A wide variety of complex hydrodynamic phenomena have been simulated using DPD, the list here is necessarily incomplete. The goal of these simulations often is to relate the macroscopic non-Newtonian flow properties of the fluid to its microscopic structure. Such DPD applications range from modeling the rheological properties of concrete[6] to simulating liposome formation in biophysics[7] to other recent three-phase phenomena such as dynamic wetting.[8]

The DPD method has also found popularity in modeling heterogeneous multi-phase flows containing deformable objects such as blood cells[9] and polymer micelles.[10]

Further reading[edit]

The full trace of the developments of various important aspects of the DPD methodology since it was first proposed in the early 1990s can be found in "Dissipative Particle Dynamics: Introduction, Methodology and Complex Fluid Applications – A Review".[11]

The state-of-the-art in DPD was captured in a CECAM workshop in 2008.[12] Innovations to the technique presented there include DPD with energy conservation; non-central frictional forces that allow the fluid viscosity to be tuned; an algorithm for preventing bond crossing between polymers; and the automated calibration of DPD interaction parameters from atomistic molecular dynamics. Recently, examples of automated calibration and parameterization have been shown against experimental observables. Additionally, datasets for the purpose of interaction potential calibration and parameterisation have been explored.[13] [14] Swope et al, have provided a detailed analysis of literature data and an experimental dataset based on Critical micelle concentration (CMC) and micellar mean aggregation number (Nagg).[15] Examples of micellar simulations using DPD have been well documented previously.[16][17][18]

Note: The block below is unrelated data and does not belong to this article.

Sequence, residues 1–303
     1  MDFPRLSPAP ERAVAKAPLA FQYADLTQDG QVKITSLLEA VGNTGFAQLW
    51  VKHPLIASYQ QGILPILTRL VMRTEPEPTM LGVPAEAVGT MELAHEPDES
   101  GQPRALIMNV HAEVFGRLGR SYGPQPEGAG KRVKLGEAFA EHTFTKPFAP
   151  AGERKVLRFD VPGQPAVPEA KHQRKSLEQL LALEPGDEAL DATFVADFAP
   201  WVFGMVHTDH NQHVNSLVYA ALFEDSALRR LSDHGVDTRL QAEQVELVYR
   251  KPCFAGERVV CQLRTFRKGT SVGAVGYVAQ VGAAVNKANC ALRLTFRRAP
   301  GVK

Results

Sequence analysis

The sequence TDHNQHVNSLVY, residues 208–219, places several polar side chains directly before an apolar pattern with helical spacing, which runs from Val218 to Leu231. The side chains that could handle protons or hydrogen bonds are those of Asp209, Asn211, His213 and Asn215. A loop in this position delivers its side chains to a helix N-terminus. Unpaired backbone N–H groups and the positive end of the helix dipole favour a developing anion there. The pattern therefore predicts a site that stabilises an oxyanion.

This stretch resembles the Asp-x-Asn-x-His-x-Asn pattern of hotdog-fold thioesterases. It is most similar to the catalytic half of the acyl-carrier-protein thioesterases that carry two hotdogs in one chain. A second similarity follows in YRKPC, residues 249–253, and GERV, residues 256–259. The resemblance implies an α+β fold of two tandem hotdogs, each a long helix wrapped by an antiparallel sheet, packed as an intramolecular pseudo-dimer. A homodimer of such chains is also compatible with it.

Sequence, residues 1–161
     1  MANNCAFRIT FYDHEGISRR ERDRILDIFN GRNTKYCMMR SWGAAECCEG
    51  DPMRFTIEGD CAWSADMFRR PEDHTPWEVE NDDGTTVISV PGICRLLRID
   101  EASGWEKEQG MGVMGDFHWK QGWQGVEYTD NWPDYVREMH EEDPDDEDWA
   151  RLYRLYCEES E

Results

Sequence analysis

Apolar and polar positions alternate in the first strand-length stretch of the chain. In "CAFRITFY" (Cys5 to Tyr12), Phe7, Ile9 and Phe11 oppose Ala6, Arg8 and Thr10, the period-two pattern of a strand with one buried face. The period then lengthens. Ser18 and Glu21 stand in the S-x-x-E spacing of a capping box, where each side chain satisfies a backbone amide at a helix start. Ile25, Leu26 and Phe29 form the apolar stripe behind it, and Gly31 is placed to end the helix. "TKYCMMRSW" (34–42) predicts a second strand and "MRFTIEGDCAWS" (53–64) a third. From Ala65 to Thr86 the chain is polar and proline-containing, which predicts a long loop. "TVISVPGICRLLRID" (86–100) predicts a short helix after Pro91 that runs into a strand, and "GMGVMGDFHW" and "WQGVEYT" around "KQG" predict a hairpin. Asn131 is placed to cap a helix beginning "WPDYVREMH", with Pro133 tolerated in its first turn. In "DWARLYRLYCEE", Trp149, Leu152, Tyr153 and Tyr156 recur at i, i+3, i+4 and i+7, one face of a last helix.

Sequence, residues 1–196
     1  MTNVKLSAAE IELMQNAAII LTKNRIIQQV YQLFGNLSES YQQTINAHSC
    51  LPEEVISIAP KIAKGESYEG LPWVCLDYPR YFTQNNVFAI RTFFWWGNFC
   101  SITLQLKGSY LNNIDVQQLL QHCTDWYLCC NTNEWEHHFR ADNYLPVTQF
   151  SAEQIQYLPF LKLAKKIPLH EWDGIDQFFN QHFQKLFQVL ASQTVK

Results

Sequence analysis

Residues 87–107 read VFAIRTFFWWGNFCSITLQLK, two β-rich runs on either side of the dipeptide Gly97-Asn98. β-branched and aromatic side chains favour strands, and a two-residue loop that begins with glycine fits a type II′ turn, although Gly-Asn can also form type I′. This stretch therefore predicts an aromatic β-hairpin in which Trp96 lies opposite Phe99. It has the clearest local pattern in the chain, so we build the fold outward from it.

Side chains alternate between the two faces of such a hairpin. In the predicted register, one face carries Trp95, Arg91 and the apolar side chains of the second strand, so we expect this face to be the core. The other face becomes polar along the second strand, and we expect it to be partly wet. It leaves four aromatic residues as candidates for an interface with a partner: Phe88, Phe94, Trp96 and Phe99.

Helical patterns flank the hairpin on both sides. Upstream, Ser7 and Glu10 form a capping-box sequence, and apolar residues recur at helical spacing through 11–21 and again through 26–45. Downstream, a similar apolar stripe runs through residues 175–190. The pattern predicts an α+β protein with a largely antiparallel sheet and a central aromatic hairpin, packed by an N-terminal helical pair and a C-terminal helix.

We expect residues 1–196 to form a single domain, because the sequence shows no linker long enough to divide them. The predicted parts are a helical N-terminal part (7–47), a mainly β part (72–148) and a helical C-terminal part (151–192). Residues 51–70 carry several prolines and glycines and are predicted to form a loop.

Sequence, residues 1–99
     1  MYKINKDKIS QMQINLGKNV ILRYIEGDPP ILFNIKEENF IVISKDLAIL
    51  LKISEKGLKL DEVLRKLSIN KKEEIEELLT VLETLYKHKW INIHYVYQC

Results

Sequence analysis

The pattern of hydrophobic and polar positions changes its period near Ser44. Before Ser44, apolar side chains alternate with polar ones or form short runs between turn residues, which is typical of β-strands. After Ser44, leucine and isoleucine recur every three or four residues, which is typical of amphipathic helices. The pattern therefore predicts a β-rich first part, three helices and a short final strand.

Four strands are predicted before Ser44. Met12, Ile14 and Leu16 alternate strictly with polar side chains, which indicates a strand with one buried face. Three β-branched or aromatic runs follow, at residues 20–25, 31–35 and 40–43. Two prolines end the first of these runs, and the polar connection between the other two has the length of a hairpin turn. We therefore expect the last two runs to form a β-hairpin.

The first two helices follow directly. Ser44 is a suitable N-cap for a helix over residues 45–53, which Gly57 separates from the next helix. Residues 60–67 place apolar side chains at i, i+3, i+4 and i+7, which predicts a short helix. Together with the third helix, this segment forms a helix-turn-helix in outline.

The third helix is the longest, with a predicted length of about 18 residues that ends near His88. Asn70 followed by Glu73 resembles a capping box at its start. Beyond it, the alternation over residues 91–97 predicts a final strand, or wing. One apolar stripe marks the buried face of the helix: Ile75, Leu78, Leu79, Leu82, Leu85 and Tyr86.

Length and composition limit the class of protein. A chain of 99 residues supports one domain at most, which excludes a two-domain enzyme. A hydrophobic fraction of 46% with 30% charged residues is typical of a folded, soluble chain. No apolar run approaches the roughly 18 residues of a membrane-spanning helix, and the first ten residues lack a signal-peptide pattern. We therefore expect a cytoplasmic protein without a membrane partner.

1. ^ Santo, Kolattukudy P.; Neimark, Alexander V. (December 2021). "Dissipative particle dynamics simulations in colloid and Interface science: a review". Advances in Colloid and Interface Science. 298: 102545. doi:10.1016/j.cis.2021.102545. PMID 34757286. S2CID 243939224.
  2. ^ Hoogerbrugge, P. J; Koelman, J. M. V. A (1992). "Simulating Microscopic Hydrodynamic Phenomena with Dissipative Particle Dynamics". Europhysics Letters (EPL). 19 (3): 155–160. Bibcode:1992EL.....19..155H. doi:10.1209/0295-5075/19/3/001. ISSN 0295-5075. S2CID 250796817.